Last Comment: October 27, 2021 11:44 am ET | 1 Comment(s) | Jump to Comments
Frank Salive, Fort Erie’s track announcer, has retired from his commanding post in the announcer’s booth at the border oval.
Salive has been the voice of horse racing for over three decades, calling races at several Thoroughbred and harness tracks including Fort Erie Race Track, Woodbine, Western Fair and Pompano Park.
In the mid-70s, the Leamington, Ont. native was a star junior goalie for the Peterborough Petes. After hanging up his skates, he seamlessly transitioned into the world of mainstream sports broadcasting, working for various networks including CTV, CBC as well as TSN. In 1976, at the age of 21, Salive’s first network assignment was covering five events a day at the Montreal Summer Olympics for CTV.
In 1990, he stepped into the world of horse racing at Woodbine Racetrack. Salive worked at Woodbine for a decade and a half before heading west to London, Ont. to call races at Western Fair for four years from 2005 to 2009. His next venture would be Pompano Park in Florida where his voice filled the atmosphere and racing apron until 2012. As he developed his craft calling races, Salive credits several announcers that impacted his career in the announcer’s booth.
“I would say Stan Bergstein was a foundation announcer that I really patterned myself after for harness racing. Certainly, Dan Loiselle (Thoroughbred racing) helped me a lot in my years at Woodbine. I went a lot by his example – to transform a race from just the look of horses going on an oval into a little bit of a story,” said Salive.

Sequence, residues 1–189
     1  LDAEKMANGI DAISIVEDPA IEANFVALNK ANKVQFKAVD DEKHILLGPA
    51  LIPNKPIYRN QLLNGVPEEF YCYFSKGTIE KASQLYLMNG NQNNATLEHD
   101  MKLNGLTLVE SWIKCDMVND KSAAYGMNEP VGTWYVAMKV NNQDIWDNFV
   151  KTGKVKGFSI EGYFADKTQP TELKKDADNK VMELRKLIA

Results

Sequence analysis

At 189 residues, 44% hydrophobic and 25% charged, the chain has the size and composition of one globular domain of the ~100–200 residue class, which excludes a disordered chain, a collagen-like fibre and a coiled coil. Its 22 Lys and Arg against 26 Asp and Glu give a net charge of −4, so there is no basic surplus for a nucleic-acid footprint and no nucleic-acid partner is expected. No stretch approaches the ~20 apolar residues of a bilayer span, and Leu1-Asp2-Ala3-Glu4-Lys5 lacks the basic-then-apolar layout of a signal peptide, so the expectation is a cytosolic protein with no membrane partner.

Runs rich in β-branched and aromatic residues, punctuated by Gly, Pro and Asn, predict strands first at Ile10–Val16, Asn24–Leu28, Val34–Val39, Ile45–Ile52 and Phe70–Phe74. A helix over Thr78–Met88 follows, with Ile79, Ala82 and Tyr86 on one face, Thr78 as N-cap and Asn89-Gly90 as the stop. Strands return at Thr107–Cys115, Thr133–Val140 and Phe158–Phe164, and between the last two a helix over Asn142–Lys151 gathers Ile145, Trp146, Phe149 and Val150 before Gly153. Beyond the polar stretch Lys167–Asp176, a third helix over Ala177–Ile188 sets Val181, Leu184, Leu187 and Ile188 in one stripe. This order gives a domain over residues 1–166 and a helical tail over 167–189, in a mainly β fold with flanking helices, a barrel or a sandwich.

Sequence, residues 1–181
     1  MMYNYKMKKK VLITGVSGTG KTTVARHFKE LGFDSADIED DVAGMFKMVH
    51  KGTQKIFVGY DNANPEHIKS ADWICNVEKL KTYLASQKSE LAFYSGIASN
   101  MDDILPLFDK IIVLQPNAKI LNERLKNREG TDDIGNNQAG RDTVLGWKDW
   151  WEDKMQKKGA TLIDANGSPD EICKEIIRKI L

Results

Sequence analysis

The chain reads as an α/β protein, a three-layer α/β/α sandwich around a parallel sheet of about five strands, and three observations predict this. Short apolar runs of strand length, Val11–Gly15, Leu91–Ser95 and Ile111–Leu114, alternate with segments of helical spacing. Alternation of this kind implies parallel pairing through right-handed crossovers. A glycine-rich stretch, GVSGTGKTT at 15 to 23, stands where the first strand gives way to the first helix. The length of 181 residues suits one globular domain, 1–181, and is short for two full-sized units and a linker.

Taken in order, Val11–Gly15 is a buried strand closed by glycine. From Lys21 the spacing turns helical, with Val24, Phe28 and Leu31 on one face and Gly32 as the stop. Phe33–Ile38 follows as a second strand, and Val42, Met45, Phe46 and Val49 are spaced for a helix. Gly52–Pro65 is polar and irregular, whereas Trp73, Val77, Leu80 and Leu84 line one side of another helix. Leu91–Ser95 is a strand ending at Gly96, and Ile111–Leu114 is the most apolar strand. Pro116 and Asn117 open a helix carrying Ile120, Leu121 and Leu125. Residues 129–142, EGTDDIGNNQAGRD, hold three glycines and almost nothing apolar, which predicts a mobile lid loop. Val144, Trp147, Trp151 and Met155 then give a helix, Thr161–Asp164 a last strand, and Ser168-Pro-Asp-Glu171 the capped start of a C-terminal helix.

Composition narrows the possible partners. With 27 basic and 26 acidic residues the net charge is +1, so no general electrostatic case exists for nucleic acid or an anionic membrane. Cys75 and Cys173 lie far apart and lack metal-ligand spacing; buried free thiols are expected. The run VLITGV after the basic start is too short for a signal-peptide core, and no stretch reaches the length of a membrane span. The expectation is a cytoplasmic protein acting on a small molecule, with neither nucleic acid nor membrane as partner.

In 2016, the venerable track announcer landed his feet at Fort Erie Race Track. He’s called the border oval home for the last six racing seasons.
Narrating a fleet of horses as they move from gate to wire jockeying for top spot might seem like a fairly straightforward task, but Salive knows there’s a lot more to it than that.
“You really don’t know how your body and mind are going to react, but it’s kind of counterintuitive to the crowd. The crowd is excited, and they are all cheering, and you have to be exactly the opposite. Before The Prince of Wales, a live national TV broadcast, you challenge yourself on how far you can slow down your heart rate and breathing because you can’t be out of control with excitement from gate to wire. You have to build it up to the finish. So, it’s different than being in the crowd as a race fan, you have to go the opposite direction and stay calm.”
Asked to recall career highlights at the border oval, the track announcer is quick to respond.
“I came from a strong Standardbred past so to get to cross over and do six of the Canadian Triple Crown races (Prince of Wales Stakes) in my tenure here.”
To date, Salive has called close to 200,000 races during his illustrious career. Salive called his last card at Fort Erie Race Track on Tuesday afternoon (Oct. 26) as the meet came to a close.
(Fort Erie Race Track)